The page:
Stock futures flat after Nasdaq reports worst month since 2008

Traders work on the floor of the New York Stock Exchange.


U.S. stock index futures were flat overnight Sunday after the Nasdaq Composite Index posted its worst month since 2008, under pressure from rising rates, runaway inflation and disappointing earnings from some of the biggest technology companies.

Futures contracts linked to the Dow Jones Industrial Average slipped 11 points. S&P 500 futures were flat, while Nasdaq 100 futures fell 0.2%.

Major averages fell on Friday, accelerating April’s losses. The Dow Jones lost 939 points during the session, bringing its loss last week to around 2.5%. It was the fifth consecutive negative week for the benchmark 30-stock index.

The S&P 500 fell 3.63% on Friday, its worst day since June 2020, and posted its fourth consecutive negative week for the first time since September 2020. The Nasdaq also recorded a fourth consecutive week of losses, after falling 4.2% on Friday. . Both indices recorded their lowest closing levels for the year.

“It’s become a classic market for traders as spikes in volatility and increasingly bearish headlines reverberate,” said Quincy Krosby, chief equity strategist for LPL Financial.

The Dow Jones and S&P 500 just had their worst month since March 2020, when the pandemic took hold. The Dow Jones ended April down 4.9%, while the S&P fell 8.8%.

The selloff was even more extreme in the tech-heavy Nasdaq Composite, which plunged 13.26% in April, its worst month since October 2008. The steep decline followed underperformance by big tech companies, including Amazon, Netflix and Meta Platforms.

“[D]Disappointing guidance from tech giants Amazon and Apple has heightened fears that a decidedly more hawkish Fed, coupled with still unresolved supply chain issues, and rising energy prices will make the economy more elusive. hope for a ‘soft landing’ from the Fed,” Krosby said.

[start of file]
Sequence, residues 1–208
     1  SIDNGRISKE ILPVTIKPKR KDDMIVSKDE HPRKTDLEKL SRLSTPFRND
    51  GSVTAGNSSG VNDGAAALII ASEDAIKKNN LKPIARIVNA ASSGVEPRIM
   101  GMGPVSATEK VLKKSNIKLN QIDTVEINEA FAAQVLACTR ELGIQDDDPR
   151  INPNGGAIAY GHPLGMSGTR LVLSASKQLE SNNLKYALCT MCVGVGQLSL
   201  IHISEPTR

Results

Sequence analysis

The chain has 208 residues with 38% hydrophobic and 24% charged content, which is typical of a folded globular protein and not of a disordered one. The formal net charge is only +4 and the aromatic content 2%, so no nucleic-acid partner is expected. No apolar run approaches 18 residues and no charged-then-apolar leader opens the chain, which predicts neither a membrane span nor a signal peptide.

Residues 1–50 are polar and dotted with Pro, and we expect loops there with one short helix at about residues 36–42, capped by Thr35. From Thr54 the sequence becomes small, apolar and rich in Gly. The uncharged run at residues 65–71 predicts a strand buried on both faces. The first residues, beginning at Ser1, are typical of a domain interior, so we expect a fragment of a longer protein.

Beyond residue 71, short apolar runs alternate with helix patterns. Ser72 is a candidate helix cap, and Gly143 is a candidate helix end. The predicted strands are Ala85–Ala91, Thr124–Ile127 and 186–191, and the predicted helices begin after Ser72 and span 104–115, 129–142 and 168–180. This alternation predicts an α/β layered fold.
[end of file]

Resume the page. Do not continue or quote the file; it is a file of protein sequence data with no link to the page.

Netflix is ​​down 49% over the past month, with Amazon and Meta losing 24% and 10.8% respectively. Tech stocks have been particularly hard hit since their often lofty valuations and promise of future growth are starting to look less attractive in a rising rate environment.

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Investors are eagerly awaiting Wednesday when the Federal Open Market Committee releases a statement on monetary policy. The decision will be released at 2 p.m. ET, with Federal Reserve Chairman Jerome Powell holding a press conference at 2:30 p.m.

“Investors are worried about mounting cost pressures and uncertain prospects from the biggest names in tech … and investors are unlikely to be comfortable anytime soon with the Fed widely expected to deliver a 50 basis point hike with a hawkish message next week,” said Charlie Ripley, senior investment strategist for Allianz Investment Management.

Another key economic indicator will come on Friday when the April jobs report is released.

Earnings season is now more than halfway through, but a number of companies are expected to report results over the coming week, including a host of consumer-focused restaurant and travel companies.

Expedia, MGM Resorts, Pfizer, Airbnb, Starbucks, Lyft, Marriott, Yum Brands, Uber eBay and TripAdvisor are just a few of the names on deck.

Of the 275 S&P 500 companies that have reported earnings so far, 80% have exceeded earnings estimates and 73% have exceeded revenue expectations, according to Refinitiv data.

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